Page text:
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1 "Healthcare surveys"
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Original Article
Identification of Unmet Healthcare Needs: A National Survey in Thailand
Sukanya Chongthawonsatid
J Prev Med Public Health. 2021;54(2):129-136.   Published online March 4, 2021
DOI: https://doi.org/10.3961/jpmph.20.318
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  • 6 Crossref
AbstractAbstract PDFSupplementary Material
Objectives
This study examined demographic factors hampering access to healthcare at hospitals and suggests policy approaches to improve healthcare management in Thailand.
Methods
The data for the study were drawn from a health and welfare survey conducted by the National Statistical Office of Thailand in 2017. The population-based health and welfare survey was systematically carried out by skilled interviewers, who polled 21 519 384 individuals. The independent variables related to demographic data (age, sex, religion, marital status, education, occupation, and area of residence), chronic diseases, and health insurance coverage. The dependent variable was the degree of access to healthcare. Multiple logistic regression analysis was subsequently performed on the variables found to be significant in the univariate analysis.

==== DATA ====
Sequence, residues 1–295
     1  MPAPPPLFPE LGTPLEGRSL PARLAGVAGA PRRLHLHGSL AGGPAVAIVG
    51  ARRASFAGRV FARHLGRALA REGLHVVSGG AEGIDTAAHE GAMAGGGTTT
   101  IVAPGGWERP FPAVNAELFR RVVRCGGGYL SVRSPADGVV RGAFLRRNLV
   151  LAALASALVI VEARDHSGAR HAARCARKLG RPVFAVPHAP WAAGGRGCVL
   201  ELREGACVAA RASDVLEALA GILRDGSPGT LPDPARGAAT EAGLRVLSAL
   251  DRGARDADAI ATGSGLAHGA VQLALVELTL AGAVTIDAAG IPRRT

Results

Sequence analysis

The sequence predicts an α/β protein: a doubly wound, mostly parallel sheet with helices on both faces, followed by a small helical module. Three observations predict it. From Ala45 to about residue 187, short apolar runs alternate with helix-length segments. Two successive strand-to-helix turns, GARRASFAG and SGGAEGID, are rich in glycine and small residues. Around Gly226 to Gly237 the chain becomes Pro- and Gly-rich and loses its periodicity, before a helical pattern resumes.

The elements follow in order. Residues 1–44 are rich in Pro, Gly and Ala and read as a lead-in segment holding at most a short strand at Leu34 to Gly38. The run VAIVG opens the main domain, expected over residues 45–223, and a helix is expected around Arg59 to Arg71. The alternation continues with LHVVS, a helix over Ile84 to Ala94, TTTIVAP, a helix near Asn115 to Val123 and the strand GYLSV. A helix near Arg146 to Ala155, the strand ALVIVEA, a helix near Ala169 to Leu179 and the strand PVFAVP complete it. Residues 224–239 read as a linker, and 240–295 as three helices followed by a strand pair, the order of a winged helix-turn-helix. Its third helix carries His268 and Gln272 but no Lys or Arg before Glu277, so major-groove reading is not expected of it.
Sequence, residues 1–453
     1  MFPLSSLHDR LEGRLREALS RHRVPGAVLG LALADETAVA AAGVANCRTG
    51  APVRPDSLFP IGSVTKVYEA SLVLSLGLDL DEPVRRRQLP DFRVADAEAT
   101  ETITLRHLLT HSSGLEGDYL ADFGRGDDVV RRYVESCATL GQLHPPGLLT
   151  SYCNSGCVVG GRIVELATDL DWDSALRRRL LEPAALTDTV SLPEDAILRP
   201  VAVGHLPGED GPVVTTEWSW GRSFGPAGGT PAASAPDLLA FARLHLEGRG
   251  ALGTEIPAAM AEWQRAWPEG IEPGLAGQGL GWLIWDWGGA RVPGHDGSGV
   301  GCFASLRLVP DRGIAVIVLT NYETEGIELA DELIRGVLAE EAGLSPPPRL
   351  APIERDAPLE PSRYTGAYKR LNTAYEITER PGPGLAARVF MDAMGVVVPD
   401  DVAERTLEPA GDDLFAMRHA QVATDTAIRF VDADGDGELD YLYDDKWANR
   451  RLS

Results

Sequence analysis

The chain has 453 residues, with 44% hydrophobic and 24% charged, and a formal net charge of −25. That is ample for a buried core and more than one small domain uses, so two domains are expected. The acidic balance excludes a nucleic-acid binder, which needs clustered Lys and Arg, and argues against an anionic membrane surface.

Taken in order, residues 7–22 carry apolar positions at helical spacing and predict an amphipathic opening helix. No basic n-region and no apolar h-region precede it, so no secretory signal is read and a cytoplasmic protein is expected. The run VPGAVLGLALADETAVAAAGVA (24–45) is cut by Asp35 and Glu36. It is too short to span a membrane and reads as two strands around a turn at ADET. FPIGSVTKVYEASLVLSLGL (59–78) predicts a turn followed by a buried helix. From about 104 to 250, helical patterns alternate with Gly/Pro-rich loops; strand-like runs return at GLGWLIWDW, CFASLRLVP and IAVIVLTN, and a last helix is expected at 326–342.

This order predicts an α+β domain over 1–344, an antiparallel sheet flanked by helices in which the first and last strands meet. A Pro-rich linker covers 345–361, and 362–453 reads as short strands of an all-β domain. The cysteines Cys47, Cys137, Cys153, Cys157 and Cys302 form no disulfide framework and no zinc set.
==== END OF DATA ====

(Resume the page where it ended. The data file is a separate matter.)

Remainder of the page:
Results
Only 2.5% of the population did not visit a hospital when necessary for outpatient-department treatment, hospitalization, or the provision of oral care. The primary reasons people gave for not availing themselves of the services offered by government hospitals when they were ill were—in descending order of frequency—insufficient time to seek care, long hospital queues, travel inconvenience, a lack of hospital beds, unavailability of a dentist, not having someone to accompany them, and being unable to pay for the transportation costs. Multiple logistic regression analysis showed that failure to access the health services provided at hospitals was associated with demographic, educational, occupational, health welfare, and geographic factors.
Conclusions
Accessibility depends not only on health and welfare benefit coverage, but also on socioeconomic factors and the degree of convenience associated with visiting a hospital.
Summary

Citations

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JPMPH : Journal of Preventive Medicine and Public Health